Regular music exposure in juvenile rats facilitates conditioned fear extinction and reduces anxiety after foot shock in adulthood

Si Chen, Tuo Liang, Fiona H. Zhou, Ye Cao, Chao Wang, Fei Yifan Wang, Fang Li, Xin Fu Zhou, Jian Yi Zhang, Chang Qi Li

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2 Citations (Scopus)


Music exposure is known to play a positive role in learning and memory and can be a complementary treatment for anxiety and fear. However, whether juvenile music exposure affects adult behavior is not known. Two-week-old Sprague-Dawley rats were exposed to music for 2 hours daily or to background noise (controls) for a period of 3 weeks. At 60 days of age, rats were subjected to auditory fear conditioning, fear extinction training, and anxiety-like behavior assessments or to anterior cingulate cortex (ACC) brain-derived neurotrophic factor (BDNF) assays. We found that the music-exposed rats showed significantly less freezing behaviors during fear extinction training and spent more time in the open arm of the elevated plus maze after fear conditioning when compared with the control rats. Moreover, the BDNF levels in the ACC in the music group were significantly higher than those of the controls with the fear conditioning session. This result suggests that music exposure in juvenile rats decreases anxiety-like behaviors, facilitates fear extinction, and increases BDNF levels in the ACC in adulthood after a stressful event.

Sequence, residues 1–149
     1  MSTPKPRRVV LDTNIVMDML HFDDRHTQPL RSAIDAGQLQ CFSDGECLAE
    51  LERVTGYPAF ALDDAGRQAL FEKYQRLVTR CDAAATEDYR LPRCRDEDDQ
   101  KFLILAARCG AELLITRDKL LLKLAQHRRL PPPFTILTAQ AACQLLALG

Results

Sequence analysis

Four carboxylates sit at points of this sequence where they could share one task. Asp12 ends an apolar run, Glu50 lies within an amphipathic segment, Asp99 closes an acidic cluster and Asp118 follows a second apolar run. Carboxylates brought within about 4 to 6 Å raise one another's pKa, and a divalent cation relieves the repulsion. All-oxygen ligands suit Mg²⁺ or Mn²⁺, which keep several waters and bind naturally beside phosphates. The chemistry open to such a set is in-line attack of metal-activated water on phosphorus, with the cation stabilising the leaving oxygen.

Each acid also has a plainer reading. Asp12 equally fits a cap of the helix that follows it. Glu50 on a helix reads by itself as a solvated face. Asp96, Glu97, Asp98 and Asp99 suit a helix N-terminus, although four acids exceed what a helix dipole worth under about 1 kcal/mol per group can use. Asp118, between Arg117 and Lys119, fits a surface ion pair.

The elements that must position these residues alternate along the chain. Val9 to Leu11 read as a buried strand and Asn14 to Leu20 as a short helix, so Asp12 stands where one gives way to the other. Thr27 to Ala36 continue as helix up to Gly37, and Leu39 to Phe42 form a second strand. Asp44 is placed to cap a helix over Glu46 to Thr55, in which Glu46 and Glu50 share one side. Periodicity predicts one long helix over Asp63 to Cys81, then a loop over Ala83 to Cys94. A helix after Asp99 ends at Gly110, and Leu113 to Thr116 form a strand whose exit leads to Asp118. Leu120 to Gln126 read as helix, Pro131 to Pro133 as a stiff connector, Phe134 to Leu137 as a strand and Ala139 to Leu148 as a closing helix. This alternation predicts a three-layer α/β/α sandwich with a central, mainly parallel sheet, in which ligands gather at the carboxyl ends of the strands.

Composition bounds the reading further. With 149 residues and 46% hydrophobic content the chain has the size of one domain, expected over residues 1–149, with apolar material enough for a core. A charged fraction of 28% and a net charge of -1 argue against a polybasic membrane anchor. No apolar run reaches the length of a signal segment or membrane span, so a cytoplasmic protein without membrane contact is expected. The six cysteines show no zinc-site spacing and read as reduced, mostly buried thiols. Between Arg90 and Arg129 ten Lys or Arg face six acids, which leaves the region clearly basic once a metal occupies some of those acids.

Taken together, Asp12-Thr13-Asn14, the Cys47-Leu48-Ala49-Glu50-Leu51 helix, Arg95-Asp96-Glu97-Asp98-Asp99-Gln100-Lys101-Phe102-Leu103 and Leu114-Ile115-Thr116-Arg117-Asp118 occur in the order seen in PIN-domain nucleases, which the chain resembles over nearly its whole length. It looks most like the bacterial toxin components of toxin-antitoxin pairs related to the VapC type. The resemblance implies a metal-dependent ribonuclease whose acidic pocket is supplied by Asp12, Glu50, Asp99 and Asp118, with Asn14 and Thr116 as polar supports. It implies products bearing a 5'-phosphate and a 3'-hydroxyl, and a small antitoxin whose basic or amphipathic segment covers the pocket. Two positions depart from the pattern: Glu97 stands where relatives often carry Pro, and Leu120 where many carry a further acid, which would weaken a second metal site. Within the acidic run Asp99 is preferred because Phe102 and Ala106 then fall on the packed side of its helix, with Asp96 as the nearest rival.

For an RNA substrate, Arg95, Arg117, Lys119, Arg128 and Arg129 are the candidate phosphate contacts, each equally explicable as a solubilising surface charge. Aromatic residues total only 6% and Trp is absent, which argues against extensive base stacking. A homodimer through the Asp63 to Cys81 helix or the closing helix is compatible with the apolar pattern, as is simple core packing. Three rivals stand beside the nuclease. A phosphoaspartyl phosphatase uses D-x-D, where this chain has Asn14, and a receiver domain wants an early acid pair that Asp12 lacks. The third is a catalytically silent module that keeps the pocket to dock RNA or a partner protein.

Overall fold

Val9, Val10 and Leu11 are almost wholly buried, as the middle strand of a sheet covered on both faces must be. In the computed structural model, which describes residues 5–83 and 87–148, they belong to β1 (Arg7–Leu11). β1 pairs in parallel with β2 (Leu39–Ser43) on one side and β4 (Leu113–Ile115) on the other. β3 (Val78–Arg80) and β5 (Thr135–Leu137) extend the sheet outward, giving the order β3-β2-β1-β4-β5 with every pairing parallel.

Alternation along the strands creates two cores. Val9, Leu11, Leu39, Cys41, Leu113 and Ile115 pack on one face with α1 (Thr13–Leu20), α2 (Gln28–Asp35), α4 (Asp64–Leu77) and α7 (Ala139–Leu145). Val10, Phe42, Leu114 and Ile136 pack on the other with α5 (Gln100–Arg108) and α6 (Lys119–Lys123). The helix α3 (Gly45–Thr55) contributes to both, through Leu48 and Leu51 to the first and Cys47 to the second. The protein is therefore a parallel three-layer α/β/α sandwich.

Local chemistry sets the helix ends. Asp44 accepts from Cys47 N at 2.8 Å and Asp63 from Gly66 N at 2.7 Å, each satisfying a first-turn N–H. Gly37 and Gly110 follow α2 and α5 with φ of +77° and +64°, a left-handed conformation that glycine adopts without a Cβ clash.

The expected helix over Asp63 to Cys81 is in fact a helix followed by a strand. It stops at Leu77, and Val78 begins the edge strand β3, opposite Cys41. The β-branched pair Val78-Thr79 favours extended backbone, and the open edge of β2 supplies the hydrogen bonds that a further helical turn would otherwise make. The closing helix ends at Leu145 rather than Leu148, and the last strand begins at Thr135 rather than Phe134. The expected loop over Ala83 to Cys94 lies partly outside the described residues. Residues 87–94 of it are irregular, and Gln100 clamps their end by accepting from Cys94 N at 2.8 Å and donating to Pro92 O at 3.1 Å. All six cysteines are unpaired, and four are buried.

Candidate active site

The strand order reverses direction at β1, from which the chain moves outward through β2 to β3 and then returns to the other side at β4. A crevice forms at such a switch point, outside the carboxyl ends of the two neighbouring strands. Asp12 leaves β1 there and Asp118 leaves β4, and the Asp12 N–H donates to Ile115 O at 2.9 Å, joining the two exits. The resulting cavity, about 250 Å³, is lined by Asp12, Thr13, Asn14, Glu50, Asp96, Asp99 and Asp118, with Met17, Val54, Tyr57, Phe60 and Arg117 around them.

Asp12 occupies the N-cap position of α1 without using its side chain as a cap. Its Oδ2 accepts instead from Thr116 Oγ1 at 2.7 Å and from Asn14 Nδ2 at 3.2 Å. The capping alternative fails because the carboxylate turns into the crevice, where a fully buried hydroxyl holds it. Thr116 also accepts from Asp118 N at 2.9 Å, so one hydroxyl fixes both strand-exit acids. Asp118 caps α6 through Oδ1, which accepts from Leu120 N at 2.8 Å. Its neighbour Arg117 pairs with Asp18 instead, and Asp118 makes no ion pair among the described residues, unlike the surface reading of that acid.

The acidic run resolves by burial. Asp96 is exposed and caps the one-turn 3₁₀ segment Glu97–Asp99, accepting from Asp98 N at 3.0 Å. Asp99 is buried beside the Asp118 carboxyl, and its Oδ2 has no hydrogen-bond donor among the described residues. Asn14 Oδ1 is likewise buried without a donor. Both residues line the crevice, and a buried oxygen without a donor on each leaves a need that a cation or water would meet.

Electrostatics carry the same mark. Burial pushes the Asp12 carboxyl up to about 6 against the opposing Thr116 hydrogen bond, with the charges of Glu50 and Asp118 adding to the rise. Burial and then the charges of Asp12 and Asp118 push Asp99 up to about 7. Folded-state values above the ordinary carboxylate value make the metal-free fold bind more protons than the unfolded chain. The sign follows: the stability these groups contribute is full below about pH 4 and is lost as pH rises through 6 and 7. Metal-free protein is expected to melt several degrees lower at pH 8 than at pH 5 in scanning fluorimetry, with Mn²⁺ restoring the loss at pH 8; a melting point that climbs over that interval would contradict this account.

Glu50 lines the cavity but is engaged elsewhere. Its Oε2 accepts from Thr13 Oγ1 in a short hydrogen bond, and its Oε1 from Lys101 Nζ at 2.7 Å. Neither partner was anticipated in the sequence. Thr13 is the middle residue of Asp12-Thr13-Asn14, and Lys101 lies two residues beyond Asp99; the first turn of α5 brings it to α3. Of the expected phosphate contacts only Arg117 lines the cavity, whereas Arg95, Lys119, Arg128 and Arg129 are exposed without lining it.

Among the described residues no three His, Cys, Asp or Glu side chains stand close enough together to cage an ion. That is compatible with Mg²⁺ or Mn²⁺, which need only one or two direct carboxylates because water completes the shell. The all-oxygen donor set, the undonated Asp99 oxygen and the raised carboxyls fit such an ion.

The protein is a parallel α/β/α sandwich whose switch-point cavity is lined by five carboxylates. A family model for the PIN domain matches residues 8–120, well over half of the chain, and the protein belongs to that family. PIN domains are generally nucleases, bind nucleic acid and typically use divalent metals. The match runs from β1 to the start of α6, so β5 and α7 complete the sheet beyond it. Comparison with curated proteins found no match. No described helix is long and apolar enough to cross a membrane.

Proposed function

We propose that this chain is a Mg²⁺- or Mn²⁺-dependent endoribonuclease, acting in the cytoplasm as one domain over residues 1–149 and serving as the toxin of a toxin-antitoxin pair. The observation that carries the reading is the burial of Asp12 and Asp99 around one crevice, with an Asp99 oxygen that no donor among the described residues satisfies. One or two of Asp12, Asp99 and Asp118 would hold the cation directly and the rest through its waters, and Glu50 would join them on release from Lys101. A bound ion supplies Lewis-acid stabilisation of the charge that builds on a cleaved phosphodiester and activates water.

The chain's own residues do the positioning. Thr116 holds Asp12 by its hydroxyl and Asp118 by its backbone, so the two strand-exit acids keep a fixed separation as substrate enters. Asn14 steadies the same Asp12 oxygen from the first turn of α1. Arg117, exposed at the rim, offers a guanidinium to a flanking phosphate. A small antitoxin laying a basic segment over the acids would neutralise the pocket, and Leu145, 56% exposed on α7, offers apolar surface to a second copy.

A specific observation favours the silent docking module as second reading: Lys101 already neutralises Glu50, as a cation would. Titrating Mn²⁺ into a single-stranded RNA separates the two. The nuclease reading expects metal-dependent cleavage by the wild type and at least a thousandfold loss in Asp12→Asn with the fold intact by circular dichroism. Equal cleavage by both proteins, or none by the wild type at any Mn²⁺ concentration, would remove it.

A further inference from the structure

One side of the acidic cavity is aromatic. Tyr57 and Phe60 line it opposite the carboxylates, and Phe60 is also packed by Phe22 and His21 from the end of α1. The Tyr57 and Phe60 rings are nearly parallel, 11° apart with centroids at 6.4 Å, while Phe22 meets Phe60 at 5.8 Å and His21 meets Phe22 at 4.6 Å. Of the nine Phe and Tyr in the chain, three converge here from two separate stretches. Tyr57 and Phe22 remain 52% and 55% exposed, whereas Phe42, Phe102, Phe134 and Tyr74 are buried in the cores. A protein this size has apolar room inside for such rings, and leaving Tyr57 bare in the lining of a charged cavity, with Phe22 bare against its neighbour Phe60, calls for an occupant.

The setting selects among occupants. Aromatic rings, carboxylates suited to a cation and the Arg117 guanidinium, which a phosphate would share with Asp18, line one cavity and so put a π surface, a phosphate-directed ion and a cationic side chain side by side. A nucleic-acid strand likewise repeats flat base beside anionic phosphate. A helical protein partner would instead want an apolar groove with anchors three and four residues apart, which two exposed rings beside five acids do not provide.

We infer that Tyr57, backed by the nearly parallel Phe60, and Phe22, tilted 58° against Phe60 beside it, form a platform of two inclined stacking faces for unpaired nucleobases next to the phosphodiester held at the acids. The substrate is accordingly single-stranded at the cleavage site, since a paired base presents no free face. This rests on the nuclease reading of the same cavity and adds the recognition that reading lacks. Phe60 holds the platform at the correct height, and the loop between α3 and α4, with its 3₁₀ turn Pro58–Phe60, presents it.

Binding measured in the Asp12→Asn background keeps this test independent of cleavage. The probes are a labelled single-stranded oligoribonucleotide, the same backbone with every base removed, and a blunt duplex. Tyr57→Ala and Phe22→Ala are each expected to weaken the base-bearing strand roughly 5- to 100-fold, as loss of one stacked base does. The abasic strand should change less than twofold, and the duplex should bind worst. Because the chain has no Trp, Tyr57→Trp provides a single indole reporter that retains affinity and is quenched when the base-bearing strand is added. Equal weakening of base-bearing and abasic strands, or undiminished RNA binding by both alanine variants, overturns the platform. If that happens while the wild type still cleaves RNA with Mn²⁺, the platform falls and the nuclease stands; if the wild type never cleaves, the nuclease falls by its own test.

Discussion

Original languageEnglish
Article number8740674
JournalBioMed Research International
Publication statusPublished - 2019

ASJC Scopus subject areas

  • Biochemistry, Genetics and Molecular Biology(all)
  • Immunology and Microbiology(all)

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